country since well before Waxman and Markey released their full plan.
Similarly, conservative organizations like the American Energy Alliance have
been running ads in multiple districts -- including Matheson's and
Melancon's -- warning that the Waxman-Markey proposal would spike energy

"Ninety-five percent of our calls are coming in response to ads," said
Heyrend, who is based in Utah.

There are also Web sites creating easy form letters. The text on one has
appeared repeatedly in Melancon's office, according to spokeswoman Robin

A survey by E&E of a half-dozen moderates on the committee found that all
were experiencing higher than average calls, except one -- Rep. Mary Bono
Mack (R-Calif.) -- who reported that the volume was about normal. Even so,
Mack's office is getting about 80 calls a day on the issue, according to
spokeswoman Jennifer May.

Melancon's office reported that the majority of messages were against the
bill. Rep. G.K. Butterfield's (D-N.C.) feedback has been roughly 60 percent
in favor. Bono Mack's calls are running strongly in support of the bill,
even though the congresswoman recently expressed concerns about the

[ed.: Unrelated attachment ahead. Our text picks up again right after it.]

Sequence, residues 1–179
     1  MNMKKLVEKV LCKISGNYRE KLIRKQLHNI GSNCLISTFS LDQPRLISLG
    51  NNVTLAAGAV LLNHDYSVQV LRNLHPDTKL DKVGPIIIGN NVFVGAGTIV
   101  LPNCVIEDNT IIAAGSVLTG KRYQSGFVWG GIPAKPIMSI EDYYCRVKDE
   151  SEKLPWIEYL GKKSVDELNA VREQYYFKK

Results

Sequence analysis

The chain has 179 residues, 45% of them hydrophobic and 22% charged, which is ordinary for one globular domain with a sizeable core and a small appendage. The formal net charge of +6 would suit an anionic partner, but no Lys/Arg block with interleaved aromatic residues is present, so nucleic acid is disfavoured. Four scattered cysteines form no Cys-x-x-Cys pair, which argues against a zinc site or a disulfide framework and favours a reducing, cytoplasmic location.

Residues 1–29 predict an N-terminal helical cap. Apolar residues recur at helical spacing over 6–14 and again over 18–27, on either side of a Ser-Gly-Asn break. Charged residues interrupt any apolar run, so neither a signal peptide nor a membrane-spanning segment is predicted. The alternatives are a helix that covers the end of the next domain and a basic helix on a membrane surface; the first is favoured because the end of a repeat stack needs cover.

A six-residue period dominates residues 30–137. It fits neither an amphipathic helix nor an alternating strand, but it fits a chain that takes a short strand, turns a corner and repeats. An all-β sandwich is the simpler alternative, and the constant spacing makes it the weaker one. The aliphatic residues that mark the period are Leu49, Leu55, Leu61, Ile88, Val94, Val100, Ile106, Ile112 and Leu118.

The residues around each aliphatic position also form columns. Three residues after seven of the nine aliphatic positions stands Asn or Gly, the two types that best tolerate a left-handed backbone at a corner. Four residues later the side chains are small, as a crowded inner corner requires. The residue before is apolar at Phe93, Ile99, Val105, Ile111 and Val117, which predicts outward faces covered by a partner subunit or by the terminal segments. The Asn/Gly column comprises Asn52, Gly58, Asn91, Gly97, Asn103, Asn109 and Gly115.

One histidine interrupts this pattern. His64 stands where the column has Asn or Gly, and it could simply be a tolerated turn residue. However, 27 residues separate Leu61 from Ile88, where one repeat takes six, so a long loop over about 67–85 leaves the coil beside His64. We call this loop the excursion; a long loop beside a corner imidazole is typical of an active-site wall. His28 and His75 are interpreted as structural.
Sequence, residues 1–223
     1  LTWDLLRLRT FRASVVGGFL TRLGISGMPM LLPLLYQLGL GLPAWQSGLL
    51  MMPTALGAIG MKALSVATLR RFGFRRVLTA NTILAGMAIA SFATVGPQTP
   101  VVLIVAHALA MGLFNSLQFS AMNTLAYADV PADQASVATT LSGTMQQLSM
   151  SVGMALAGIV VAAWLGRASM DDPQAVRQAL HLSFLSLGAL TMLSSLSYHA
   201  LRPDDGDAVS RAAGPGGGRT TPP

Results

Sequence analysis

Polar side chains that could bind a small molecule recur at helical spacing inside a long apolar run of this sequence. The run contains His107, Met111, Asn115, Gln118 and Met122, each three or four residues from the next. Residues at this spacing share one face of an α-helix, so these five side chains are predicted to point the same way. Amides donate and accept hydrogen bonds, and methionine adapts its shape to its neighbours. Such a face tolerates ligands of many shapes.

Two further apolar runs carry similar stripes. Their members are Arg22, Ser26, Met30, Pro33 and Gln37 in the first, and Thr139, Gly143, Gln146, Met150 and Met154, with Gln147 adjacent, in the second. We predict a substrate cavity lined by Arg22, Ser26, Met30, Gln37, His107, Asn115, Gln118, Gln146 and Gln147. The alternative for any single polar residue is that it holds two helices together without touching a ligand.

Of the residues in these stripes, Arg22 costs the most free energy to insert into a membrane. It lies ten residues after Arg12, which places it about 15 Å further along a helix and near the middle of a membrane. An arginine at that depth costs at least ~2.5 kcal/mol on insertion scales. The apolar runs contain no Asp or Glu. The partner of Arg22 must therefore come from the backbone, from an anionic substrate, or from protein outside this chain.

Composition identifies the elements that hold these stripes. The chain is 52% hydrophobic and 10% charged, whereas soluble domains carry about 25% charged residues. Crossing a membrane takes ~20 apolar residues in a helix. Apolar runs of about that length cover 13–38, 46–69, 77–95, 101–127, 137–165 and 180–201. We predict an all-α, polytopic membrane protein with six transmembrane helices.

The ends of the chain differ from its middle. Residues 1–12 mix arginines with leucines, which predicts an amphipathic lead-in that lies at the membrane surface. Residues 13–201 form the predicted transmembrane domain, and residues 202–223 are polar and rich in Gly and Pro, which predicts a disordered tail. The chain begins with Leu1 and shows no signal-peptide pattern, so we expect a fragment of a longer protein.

legislation in a letter to House leadership.

Regional differences popping up

"When constituent mail is of high volume and one-sided, it definitely gets
the attention of members. If inconsistent with their own view, such a
message at least prompts some further consideration of the alternative,"
said Thomas Mann, a congressional expert at the Brookings Institution.

A spokesman for Butterfield, who announced support for the bill this week,
said his boss was getting a lot of feedback that appeared to be from
organized groups. One such e-mail said "Dear Congressman: H.R. 2454 will
further cut U.S. employment levels by reducing economic output by $136
billion per year."

Rep. Gene Green (D-Texas), another recent bill convert, said many messages
were coming from outside of his district.

Other offices said they were getting an even mix of letters appearing to be
crafted by interest groups and from individuals with more personalized
notes. Many reflected regional differences in the energy mix, with mentions
of coal popping up in letters from Midwestern districts and renewable energy
emerging as a common theme in states like Colorado, which has a mandatory
renewable standard.

"Renewable energy and energy efficiency technologies are the cheapest and
fastest way to reduce global warming pollution," said one letter to Rep.
Diana DeGette (D-Colo.) from a constituent. Yesterday, DeGette decided to
vote "yes" on the bill, according to spokesman Kristofer Eisenla.

Yet some members of Congress said the lobbying efforts exerted little
influence over their decisions. In an interview, Rep. Eliot Engel (D-N.Y.)
said that he came to a "no" decision on Waxman-Markey in its current form
because he believed the bill didn't do enough to back flex-fuel cars, a
longtime concern of his.

"The people coming into my office about this bill are not talking about
that," he said.